API Data Formats

In the absence of standard client stub generation mechanisms, documentation plays an increasingly important role. The fidelity to genuine REST precepts and the terminology used to describe resources and their HTTP methods becomes of prime importance to effective client usage.

How do we unambiguously describe  the different resources and methods? The number and types of payload formats influence the decision. Do we support only one format, JSON or XML? If XML, do we have a schema? If so, what schema do we use? XSD or RelaxNG? Multiple XML formats such as Atom, RSS and/or proprietary XML? By the way, the former two do not have a defined schema. Do we support multiple formats? If so, do we use prescribed REST content negotiation?

Considering the strong presence of the Twitter REST API and my short albeit intense usage of it, I am a bit reluctant to “criticize”. So upfront I issue a disclaimer that my knowledge is partial and subject to change. One very interesting fact I recently read in the book Building Social Web Applications is that over 80% of Twitter’s usage come from its API and not from its web site! Caramba, that’s quite an ecosystem that has evolved around Twitter! All the more reason to invest in API contract specification and  documentation.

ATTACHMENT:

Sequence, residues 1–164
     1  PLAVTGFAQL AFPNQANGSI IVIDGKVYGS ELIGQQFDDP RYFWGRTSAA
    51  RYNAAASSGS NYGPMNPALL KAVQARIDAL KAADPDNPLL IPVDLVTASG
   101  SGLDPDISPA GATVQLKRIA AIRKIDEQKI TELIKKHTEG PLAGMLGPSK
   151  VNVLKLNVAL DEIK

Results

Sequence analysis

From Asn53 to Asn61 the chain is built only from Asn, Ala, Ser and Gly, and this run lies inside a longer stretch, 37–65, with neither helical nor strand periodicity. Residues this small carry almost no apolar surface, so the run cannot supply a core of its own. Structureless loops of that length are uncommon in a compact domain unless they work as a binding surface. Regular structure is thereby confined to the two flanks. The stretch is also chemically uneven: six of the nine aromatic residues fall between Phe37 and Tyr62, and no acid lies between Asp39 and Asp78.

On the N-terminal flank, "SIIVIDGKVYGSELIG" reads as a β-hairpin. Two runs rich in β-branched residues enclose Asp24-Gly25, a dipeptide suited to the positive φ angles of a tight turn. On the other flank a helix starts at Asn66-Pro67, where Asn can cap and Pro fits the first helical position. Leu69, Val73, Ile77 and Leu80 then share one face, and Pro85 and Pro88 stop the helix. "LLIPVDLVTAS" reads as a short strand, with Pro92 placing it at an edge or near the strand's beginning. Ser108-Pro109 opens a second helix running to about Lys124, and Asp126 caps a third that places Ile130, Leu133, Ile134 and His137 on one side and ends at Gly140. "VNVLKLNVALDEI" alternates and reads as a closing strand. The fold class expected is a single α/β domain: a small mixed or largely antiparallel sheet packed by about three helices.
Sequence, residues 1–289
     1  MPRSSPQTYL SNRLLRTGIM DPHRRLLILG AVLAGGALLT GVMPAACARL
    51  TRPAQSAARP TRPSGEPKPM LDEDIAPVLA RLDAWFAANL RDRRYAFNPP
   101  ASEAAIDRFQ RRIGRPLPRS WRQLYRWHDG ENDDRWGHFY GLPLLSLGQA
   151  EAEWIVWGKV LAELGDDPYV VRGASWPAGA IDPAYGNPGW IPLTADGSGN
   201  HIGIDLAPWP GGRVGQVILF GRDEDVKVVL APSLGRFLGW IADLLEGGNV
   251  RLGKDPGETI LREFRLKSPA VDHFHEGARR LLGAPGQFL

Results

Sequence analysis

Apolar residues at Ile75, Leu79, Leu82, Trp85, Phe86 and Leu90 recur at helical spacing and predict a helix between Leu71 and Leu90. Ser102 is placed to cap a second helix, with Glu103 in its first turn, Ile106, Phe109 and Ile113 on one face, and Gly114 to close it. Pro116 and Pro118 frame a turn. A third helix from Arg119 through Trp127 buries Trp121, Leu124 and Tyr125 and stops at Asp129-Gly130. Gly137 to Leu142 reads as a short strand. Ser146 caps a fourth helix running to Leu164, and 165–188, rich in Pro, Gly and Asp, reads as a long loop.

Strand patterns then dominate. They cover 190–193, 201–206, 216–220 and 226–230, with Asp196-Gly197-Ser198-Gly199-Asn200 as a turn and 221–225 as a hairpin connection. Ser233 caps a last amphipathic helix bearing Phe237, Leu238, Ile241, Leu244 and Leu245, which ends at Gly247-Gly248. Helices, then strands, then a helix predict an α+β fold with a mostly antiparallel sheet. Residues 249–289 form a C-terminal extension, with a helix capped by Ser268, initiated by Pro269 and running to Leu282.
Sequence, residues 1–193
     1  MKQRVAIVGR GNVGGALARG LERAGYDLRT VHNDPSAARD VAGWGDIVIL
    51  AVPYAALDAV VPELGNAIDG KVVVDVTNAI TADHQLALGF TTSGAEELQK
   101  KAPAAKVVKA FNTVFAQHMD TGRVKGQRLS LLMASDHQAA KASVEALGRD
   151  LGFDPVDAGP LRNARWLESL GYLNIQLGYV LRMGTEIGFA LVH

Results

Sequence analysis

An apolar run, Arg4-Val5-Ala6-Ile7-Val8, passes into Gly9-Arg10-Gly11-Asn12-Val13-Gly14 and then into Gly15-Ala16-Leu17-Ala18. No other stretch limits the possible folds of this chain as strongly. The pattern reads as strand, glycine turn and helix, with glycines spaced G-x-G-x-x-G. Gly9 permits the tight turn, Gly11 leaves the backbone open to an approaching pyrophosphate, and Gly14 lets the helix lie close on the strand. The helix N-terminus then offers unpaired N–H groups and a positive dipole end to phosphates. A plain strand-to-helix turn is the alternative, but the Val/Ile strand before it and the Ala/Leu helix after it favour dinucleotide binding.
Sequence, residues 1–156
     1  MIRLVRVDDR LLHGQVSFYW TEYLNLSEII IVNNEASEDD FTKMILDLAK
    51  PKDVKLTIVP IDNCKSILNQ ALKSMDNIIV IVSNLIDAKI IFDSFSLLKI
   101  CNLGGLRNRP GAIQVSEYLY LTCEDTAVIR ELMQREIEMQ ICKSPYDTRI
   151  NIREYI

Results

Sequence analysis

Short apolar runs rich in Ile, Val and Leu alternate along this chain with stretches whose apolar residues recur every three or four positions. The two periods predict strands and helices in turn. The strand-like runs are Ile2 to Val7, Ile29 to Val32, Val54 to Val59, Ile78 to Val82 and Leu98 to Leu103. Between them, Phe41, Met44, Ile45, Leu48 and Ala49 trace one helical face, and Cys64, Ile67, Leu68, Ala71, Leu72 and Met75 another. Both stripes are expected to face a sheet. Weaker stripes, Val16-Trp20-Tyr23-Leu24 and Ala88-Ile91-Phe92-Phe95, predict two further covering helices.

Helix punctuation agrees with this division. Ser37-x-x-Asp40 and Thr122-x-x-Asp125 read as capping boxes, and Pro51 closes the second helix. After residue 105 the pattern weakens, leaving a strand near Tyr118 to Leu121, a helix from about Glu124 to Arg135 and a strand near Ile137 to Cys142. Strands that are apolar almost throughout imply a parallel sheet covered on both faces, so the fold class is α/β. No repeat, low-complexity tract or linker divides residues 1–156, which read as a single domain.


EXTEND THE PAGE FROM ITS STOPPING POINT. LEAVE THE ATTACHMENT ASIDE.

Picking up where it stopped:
General API Documentation

Professional  high quality API documentation is obviously a vital need especially as API usage increases. With an internet consumer-facing API, clients can access resources using any language of choice, so it is important to be as precise as possible. Having worked with many different APIs and services, I have come to appreciate the importance of good documentation. I regard documentation not as separate add-on to the executable code, but rather as an integral part of the experience. It is a first-order concern.

The metaphor I would suggest is DDD – Documentation Driven Development. In fact, on my last big REST project where I took on the responsibility of documenting the API, I soon found it more efficient to update the documentation as soon as any API change was made. This was especially true when data formats were modified! The document format was Atlassian Wiki which unfortunately didn’t allow for global cross-page changes, so I had to keep code and its corresponding documentation closely synchronized; otherwise the documentation would’ve quickly diverged and become unmanageable.

Deductive and Inductive Documentation

In general, documentation can be divided into deductive and inductive. Deductive documentation is based on the top-down approach. If you have an XML schema all the better – you can use this as your basic axiom, and derive all further documentation fragments in progressive refinement steps. Even in the absence of a schema, you can still leverage this principle.

Inductive documentation is solely based on examples – there is no general definition, and it is up to the client to infer commonalities. You practically have to do parallel diffs on many different XML examples to separate the common from the specific.

Theorem: all good documentation must have examples but it cannot rely only on examples! In other words, examples are necessary but not sufficient.